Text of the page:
But government pressure has eliminated the original threats of stiff fines, making the rules toothless and unworkable, say some campaigners. 'What am I supposed to do,' asked one noise-control officer. 'Take a crowbar to some shiny BMW and rip out the innards, or just take the number and recommend the owner does not do it again?'
Jim Dowd, the Labour MP for Lewisham West, had less success with his Bill to make any noise nuisance between 9pm and 7am illegal. The Bill had its origins in the experience of his local council, which has been running 'noise patrols' every Friday and Saturday night for almost 20 years. More than 30 people are prosecuted each year over problems such as loud music and midnight raves.
The local council is the first line of defence for most households. Forget the police, as they have little power to intervene in disputes between neighbours. Taking the law into your own hands is also pointless, says the Institution of Environmental Health Officers. One harassed householder taped his noisy neighbour and played it back through the wall. He was prosecuted. So were an elderly couple who hit back at noisy students in an upstairs flat by banging pans and slamming doors at 5am.
I felt like taking up arms when the tearoom below my flat was converted into a noisy wine bar. Complaints about drinking on the pavement were ignored by the police, who said there was no serious disorder. Loud music inside the building was turned down when council officials arrived, then put back up after they left. Luckily, the licensing magistrates told them to belt up, otherwise I might have been doing a stretch by now.
But Mr Barber points out that there is a cheap and simple way anyone can use the law for protection. It costs nothing to apply to a magistrate for an order under Section 82 of the Environmental Protection Act to prevent someone causing a noise nuisance. But you must remember to go through the proper procedure. Write to the neighbour first and keep a record of the disturbances. Try to get witnesses to back your case. Builders and landlords can be summonsed under the same law if you feel the insulation is inadequate.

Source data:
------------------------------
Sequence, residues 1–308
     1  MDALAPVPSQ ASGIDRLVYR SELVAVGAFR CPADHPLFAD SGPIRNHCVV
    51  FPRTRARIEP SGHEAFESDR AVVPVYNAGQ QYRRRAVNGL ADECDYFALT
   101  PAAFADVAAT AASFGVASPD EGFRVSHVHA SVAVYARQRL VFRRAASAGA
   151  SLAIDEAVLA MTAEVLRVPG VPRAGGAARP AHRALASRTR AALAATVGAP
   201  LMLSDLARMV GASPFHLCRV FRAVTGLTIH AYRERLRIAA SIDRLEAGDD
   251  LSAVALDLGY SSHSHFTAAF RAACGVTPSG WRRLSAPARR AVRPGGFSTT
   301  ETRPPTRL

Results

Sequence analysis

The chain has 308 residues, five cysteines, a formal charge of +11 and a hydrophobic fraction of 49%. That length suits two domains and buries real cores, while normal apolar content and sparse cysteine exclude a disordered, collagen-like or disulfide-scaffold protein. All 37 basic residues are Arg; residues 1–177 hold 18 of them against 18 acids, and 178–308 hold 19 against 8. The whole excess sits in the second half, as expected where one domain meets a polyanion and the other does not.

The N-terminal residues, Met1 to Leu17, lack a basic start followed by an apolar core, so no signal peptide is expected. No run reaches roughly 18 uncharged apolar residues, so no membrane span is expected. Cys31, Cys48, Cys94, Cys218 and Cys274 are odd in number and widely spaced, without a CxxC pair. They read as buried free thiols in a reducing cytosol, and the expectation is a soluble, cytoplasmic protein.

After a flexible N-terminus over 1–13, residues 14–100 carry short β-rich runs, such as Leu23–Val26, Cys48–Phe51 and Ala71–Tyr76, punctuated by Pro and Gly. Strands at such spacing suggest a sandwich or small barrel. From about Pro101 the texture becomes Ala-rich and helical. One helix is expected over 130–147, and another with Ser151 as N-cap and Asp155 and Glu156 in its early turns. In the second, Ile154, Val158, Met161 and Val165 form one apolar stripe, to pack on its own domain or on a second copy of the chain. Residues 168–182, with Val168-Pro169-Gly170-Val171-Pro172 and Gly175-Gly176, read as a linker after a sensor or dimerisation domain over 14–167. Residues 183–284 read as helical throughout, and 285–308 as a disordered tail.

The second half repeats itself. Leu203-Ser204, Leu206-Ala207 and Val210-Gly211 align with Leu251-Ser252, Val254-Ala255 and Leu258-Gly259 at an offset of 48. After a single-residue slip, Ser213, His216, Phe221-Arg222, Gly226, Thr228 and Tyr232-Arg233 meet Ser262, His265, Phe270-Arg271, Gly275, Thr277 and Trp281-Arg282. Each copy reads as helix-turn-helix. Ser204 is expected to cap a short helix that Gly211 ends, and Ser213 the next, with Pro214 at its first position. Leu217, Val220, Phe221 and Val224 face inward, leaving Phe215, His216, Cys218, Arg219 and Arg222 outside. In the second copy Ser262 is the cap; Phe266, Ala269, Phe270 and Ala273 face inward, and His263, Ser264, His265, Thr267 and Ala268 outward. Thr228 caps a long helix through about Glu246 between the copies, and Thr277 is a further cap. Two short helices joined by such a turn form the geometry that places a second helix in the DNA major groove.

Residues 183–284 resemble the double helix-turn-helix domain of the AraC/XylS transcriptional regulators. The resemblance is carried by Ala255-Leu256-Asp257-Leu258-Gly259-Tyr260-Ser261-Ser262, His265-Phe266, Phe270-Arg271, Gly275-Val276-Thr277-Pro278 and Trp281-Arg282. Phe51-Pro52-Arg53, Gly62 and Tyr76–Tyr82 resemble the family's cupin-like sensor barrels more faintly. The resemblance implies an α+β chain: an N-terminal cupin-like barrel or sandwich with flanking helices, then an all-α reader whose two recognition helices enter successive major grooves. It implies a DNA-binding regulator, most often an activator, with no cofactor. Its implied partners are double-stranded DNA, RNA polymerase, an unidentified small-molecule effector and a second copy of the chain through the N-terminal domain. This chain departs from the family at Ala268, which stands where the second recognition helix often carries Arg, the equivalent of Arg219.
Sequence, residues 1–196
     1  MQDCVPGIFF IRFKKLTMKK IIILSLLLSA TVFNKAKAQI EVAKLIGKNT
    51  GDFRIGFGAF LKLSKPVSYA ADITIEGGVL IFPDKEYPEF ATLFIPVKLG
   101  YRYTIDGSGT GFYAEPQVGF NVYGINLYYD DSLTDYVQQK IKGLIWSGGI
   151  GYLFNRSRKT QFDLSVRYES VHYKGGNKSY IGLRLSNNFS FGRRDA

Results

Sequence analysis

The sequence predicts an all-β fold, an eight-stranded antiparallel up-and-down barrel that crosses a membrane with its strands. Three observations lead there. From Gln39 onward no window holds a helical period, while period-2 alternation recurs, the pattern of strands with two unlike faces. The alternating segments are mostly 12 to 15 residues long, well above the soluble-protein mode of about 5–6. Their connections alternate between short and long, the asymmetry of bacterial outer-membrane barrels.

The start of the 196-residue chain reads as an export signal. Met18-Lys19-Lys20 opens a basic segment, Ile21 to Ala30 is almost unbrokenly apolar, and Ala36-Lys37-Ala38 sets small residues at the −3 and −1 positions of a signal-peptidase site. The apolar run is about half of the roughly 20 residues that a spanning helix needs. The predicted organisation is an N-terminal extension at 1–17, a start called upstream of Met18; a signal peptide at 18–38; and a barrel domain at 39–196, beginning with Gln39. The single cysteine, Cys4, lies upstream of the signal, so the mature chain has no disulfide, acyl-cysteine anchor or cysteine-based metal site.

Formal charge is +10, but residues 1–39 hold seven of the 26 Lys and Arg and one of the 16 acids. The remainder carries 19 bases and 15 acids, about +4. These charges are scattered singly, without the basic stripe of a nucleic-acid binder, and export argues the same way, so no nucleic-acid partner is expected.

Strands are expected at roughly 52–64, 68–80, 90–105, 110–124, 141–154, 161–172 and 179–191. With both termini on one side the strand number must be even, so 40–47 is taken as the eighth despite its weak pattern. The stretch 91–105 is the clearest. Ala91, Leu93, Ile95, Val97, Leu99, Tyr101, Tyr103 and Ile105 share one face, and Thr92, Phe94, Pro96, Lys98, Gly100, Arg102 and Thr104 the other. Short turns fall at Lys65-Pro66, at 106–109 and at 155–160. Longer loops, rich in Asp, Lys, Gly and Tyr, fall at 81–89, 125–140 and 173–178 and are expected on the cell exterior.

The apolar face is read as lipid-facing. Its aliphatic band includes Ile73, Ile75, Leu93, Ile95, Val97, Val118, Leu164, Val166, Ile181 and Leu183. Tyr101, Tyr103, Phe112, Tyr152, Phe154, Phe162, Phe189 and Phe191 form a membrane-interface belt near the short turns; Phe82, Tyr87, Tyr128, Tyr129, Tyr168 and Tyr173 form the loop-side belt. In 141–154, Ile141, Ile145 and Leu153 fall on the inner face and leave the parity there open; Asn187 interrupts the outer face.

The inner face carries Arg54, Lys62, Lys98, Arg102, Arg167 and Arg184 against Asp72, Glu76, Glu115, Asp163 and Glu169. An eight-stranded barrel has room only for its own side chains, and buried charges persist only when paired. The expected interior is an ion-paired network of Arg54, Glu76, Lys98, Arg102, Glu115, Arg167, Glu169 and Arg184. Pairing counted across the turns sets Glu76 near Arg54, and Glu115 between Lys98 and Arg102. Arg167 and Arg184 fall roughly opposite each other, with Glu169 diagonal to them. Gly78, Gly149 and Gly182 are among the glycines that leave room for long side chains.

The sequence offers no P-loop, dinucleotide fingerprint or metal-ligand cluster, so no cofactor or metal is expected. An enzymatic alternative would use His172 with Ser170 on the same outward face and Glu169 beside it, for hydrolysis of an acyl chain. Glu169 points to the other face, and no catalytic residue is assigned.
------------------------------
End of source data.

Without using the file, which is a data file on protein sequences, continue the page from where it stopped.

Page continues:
In other words, you do not have to spend a fortune. But be aware that this can backfire. One group of residents complained that a flat in the block had been let to noisy students. An order for extra insulation was made, but the costs had to be paid by the residents themselves because this was written in the lease.
'Never go into court without exploring all the possibilities,' says Mr Barber. 'In fact, try your best to sort things out by talking to neighbours first. But if you have a strong case you can win a little peace and quiet.'
'Improving Sound Insulation in Your Home', available free from the Building Research Establishment, Garston, Watford WD2 7JR. Advice also available from the Institution of Environmental Health Officers (071-928 6006).Reuse content